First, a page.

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Saudi Arabia releases hotel detainees

Those detained are thought to have been asked for payments in return for their freedom
The Ritz-Carlton hotel in the Saudi capital Riyadh is reported to have morphed into a makeshift prison after the kingdom's unprecedented crackdown (AFP)

Saudi Arabia has released 23 of the 200-or-so powerful individuals detained since November on corruption charges after they reached deals with the government, Okaz newspaper reported on Tuesday.

The report did not name those involved in what appeared to be the first large-scale release since the royals, business people and government officials were detained in a crackdown spearheaded by Crown Prince Mohammed bin Salman (MbS).

The suspects have been held at Riyadh’s luxurious Ritz-Carlton hotel since early November and told to hand over assets and cash in exchange for their freedom.

Okaz said more detainees would be released in the coming days and trial proceedings would begin soon for those who continue to deny the charges against them.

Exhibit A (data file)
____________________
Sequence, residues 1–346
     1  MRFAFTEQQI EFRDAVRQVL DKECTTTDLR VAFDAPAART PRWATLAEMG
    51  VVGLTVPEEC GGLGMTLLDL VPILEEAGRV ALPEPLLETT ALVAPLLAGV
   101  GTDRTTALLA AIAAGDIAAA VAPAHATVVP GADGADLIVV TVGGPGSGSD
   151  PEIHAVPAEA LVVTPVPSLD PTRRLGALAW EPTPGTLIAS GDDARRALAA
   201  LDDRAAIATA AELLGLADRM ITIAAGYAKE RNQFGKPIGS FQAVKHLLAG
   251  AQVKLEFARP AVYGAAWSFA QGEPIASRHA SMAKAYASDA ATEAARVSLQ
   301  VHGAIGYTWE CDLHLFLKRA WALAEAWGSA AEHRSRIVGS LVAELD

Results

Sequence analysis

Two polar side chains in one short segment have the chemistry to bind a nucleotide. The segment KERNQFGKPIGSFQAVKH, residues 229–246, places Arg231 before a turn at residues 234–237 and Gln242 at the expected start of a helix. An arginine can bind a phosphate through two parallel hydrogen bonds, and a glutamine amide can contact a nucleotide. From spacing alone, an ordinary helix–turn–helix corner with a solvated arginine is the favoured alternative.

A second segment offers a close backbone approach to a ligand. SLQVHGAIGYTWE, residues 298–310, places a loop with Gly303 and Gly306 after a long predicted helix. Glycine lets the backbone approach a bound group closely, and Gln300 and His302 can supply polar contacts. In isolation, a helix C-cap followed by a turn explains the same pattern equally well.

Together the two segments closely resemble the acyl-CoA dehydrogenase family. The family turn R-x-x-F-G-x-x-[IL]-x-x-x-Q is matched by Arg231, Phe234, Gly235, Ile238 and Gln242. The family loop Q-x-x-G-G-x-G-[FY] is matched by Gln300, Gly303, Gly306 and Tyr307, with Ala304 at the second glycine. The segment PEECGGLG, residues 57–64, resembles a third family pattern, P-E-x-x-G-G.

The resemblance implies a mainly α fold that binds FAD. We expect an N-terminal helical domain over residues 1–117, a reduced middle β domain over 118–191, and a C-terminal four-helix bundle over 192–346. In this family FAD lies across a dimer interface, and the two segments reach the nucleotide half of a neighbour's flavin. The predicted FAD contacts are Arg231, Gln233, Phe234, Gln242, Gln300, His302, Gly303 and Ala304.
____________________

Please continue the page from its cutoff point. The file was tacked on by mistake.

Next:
Saudi authorities see the settlements not as blackmail but as an obligation to reimburse money taken illegally from the world’s top oil producer over several decades.

Video posted on social media showed a smiling Saoud al-Daweesh, the former chief executive of Saudi Telecom, telling well-wishers he had been treated decently.

“Private Affairs (a unit of the royal court) brought us a full lamb dish day and night. They treated us well and did a good job,” he said.

The Wall Street Journal reported on Sunday that among those who have been released in the past week were Ibrahim al-Assaf, a former finance minister and board member of Saudi Aramco, former assistant minister of finance Mohammed bin Homoud Al Mazyed, Prince Turki bin Khalid, and businessman Mohy Saleh Kamel.

The paper also reported on Monday that the Saudi authorities were asking billionaire Prince Al-Waleed Bin Talal, who was detained in the crackdown, for $6bn in return for his release.

The prince, who has been accused of extortion, bribery and money laundering, reportedly refused to give any such payment as doing so would be seen as an admission of guilt.

“He wants a proper investigation," said a source close to the prince, speaking to the Wall Street Journal.

"It is expected that al-Waleed will give [MbS] a hard time."

Those arrested are accused of having fleeced Saudi Arabia of billions of dollars, hence why payments are thought to be being asked for by the Saudi authorities

In November, Prince Mutaib Bin Abdullah - son of the late King Abdullah - was released from detention after reportedly paying $1bn. 

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